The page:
I feel like we're still playing it by ear, but what we did from the beginning and worked (you may want to read Amy's post on "kicking the ML out of their home") was have all their things at home in the minority language: no toys, books, songs, TV or anything else in the ML. We don't even use Spanish words when we don't know an English word; we either say it in a different way or tell them mommy/daddy has to look for the right word, and we look it up (I love the Wordreference app on my cell). We also had a native speaker come home once a week for exposure to a real person -not just TV- who speaks English natively. If you can find playgroups (we couldn't) or any activities in the ml, that would be good too.
I'd also love to hear all about your journey, what you're planning on doing, etc... Just because we've been doing this a bit longer doesn't mean we can't learn from you too.
Thanks, Tracey!! Maybe one day we can meet halfway. Just say the word! Hope you do get to visit the UK next year; the timing would be perfect for your youngest, as it seems to be around the time they turn 2 when they make a lot of language progress.
As far as English activities in Madrid, it's true that there are quite a few, but I feel my daughter gets bored when we go and doesn't participate much; these are activities for children learning English at school as a second language, so I can see why she loses interest very quickly.
Thanks, Adam. I'm an awful writer, but if I can come up with something post-able, provided something worth telling happens this summer, I'll be happy to share it with all of you.
Mayken, it sounds like you guys are making the most of your trip to "ml country", as you call it. I can't tell you how envious I am -in a good way- that you have family and friends in your ml country so that your daughter isn't a tourist, but can really be immersed in life over there. Enjoy your time there!!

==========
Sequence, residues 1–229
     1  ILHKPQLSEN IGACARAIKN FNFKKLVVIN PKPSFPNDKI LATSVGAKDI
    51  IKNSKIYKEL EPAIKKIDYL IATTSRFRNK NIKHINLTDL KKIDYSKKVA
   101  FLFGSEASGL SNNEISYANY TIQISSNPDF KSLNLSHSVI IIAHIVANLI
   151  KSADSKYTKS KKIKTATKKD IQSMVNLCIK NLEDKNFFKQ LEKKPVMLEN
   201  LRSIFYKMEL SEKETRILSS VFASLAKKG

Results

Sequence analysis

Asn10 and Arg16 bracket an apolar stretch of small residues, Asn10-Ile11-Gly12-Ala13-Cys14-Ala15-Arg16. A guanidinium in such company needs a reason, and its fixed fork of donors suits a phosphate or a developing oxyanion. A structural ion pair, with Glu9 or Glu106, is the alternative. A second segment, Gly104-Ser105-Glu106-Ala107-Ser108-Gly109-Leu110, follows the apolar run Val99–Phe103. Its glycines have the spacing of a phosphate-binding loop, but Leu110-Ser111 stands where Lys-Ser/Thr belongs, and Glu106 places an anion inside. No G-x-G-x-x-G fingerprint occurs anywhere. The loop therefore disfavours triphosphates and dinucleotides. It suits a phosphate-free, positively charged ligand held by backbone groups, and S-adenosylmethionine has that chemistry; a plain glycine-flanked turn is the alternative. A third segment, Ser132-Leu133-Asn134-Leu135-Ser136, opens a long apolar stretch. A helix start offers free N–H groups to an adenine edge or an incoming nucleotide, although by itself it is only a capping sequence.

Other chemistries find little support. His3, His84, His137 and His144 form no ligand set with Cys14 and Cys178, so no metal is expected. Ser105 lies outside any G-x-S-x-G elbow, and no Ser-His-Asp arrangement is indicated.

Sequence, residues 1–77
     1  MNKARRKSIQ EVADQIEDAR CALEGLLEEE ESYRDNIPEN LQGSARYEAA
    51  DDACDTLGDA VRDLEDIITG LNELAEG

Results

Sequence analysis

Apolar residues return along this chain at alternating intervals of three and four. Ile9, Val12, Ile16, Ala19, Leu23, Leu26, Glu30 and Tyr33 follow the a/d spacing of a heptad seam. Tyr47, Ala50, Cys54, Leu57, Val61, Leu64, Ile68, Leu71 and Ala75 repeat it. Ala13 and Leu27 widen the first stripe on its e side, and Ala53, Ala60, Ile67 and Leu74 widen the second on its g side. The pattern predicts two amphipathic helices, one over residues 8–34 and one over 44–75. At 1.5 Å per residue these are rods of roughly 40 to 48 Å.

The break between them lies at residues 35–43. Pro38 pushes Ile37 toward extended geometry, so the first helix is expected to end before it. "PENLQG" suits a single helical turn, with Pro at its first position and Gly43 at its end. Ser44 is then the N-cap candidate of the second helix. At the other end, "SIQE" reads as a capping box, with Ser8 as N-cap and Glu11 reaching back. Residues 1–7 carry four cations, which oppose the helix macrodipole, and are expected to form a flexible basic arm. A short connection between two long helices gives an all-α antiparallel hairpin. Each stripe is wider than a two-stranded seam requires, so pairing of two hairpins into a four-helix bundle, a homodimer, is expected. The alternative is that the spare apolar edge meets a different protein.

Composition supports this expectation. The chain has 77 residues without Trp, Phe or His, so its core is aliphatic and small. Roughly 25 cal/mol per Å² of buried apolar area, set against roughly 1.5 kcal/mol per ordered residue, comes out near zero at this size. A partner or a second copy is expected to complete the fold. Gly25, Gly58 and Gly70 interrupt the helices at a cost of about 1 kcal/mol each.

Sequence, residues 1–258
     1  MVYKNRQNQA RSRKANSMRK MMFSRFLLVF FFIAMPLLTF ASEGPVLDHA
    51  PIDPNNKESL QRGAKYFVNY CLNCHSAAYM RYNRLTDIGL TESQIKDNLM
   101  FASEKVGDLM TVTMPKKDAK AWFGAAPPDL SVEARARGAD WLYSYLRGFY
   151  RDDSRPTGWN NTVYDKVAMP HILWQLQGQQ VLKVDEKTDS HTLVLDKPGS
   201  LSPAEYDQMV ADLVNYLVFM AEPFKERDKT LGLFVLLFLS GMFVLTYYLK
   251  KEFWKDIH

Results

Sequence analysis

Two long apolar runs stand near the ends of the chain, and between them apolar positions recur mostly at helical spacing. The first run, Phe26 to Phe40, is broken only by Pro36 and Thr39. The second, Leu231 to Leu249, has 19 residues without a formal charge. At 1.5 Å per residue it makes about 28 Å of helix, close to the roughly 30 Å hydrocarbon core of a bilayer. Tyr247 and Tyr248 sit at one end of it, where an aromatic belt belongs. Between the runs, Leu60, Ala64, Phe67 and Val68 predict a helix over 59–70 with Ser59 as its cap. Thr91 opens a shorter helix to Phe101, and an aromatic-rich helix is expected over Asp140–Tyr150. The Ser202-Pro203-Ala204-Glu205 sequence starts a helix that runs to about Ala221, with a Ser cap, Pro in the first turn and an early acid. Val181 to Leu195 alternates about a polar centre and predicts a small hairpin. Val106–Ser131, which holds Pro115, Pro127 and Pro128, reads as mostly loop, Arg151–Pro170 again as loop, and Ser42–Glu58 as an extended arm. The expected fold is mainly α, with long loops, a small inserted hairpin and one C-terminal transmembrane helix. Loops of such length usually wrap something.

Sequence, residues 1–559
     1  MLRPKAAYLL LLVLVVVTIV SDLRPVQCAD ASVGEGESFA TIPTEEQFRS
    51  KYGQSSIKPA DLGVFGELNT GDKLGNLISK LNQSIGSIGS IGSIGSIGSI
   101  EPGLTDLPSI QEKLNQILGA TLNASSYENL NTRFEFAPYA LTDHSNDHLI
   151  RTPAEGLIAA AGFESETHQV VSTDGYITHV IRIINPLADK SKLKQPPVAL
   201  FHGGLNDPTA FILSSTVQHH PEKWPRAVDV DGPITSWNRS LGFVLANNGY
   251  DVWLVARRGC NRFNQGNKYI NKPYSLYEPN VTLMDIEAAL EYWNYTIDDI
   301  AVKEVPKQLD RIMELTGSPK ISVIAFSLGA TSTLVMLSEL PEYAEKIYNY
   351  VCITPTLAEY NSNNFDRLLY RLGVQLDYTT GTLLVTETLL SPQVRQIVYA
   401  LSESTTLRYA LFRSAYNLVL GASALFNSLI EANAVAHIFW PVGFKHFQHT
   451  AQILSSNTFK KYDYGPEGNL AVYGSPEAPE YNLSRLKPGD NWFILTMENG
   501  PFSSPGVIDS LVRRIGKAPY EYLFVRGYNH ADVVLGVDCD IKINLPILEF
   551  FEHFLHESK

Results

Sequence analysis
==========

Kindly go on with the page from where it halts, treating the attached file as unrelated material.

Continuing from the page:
Hi and welcome! Well, Amy has already told you the basics, so let me just add that I'm also one of those non-native parents and looking for information online and reading articles saying it was okay for non-native parents to raise their children bilingual in their 2nd -or 3rd, 4th...- helped get me on board. I knew someone who had done it already, but she could easily pass as a native speaker, which made me think it wasn't an option for me. It was my husband who insisted we could do it -he even got on board even though his command of the ml was even more lacking-. That was when I googled it and found different articles saying it could only benefit the child to go ahead and speak our 2nd language to our children, and here we are, 4 years and lots of concerns, plans, worrying, ups and downs... later, with a daughter whose ml is better than her ML -not for long, though- and a baby who's too little to speak yet.
It's a lot of work, but if it matters to you, you'll make it happen.
I was so sorry to hear this didn't work out, Amy. From what I'm reading in here, it looks like getting in is nearly impossible.
Don't we moms always blame ourselves for anything that goes wrong in our children's lives? I know I do! But of course you're not to blame for this, and don't you ever think such a thing. Your daughters are very fortunate to have parents like you and their dad who are going above and beyond to make sure they speak 3 languages, no less!! Think of all the ideas you're coming up with to get them to speak both mls and all the time, thought and effort you put into it. If anything, you're an inspiration for us all.